Impact resistance is one of the most important properties for material engineers or designers to consider. One of the most common tests of the physical characteristics of materials is the notched izod impact test as specified by ASTM D 256 Standard Test Method. In Europe, ISO 180 methods are used and results are based only on the cross-sectional area at the notch (J/m2). The dimensions of a standard specimen for ASTM D256 are 63.5 × 12.7 × 3.2 mm (2.5 × 0.5 × 0.125 in). The most common specimen thickness is 3.2 mm (0.125 in), but the width can vary between 3.0 and 12.7 mm (0.118 in and 0.500 in).
The result of the Izod test is reported in energy lost per unit of specimen thickness (such as ft-lb/in or J/m) at the notch. In Europe, ISO 180 methods are used and results reported based only on the cross-sectional area at the notch (J/m²). The higher the resulting numbers the tougher the material. The impact resistance of a specific commercial grade of a polymer is a function of the base resin plus the presence of any impact modifiers and reinforcing agents that may be added by the manufacturer or compounder.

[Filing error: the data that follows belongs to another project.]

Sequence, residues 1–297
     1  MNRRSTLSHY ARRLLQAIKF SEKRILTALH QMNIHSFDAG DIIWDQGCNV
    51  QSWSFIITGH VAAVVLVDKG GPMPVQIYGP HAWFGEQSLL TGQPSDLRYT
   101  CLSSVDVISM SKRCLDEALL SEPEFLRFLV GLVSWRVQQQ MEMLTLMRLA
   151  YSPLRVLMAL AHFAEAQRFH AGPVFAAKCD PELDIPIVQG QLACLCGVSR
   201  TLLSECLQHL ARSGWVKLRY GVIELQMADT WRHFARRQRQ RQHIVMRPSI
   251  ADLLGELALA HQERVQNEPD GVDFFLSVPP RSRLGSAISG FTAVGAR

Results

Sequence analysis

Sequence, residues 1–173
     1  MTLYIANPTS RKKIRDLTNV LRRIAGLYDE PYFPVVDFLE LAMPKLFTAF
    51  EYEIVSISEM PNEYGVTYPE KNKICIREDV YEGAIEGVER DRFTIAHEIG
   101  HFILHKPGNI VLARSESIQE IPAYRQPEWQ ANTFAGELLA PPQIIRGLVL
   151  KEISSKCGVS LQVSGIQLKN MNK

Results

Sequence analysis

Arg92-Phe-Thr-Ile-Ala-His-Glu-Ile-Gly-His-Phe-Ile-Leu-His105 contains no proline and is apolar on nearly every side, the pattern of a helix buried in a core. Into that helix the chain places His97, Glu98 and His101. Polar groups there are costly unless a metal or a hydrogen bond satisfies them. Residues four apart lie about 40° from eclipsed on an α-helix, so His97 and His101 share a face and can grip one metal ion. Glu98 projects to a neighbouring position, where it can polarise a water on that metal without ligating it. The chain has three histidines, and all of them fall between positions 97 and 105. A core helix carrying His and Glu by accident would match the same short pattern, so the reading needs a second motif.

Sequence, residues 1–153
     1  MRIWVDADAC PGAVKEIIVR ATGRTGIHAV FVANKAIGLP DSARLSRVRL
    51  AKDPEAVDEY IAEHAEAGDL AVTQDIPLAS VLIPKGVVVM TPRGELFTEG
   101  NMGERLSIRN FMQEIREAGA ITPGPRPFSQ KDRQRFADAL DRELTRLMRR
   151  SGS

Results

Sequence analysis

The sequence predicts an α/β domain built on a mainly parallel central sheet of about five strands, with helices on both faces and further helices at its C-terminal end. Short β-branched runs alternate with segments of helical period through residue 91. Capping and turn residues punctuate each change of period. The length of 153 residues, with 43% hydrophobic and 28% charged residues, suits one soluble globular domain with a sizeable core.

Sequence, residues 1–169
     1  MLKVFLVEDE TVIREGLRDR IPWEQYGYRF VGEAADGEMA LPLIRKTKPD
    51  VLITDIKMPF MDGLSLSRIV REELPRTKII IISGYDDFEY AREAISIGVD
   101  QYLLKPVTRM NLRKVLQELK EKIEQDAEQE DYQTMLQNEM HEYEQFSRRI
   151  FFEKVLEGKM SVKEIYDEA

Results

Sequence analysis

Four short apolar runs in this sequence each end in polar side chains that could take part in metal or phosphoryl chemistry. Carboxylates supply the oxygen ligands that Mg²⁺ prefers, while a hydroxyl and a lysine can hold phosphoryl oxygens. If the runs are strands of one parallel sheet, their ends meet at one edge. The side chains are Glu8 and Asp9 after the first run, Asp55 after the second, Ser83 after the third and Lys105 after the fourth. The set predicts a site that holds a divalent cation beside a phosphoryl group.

Environmental factors other than temperature also play a role in impact resistance. For example, nylons generally experience higher impact strength in the conditioned state in equilibrium with atmospheric moisture than in a dry-as-molded state because of the plasticizing effect of absorbed moisture.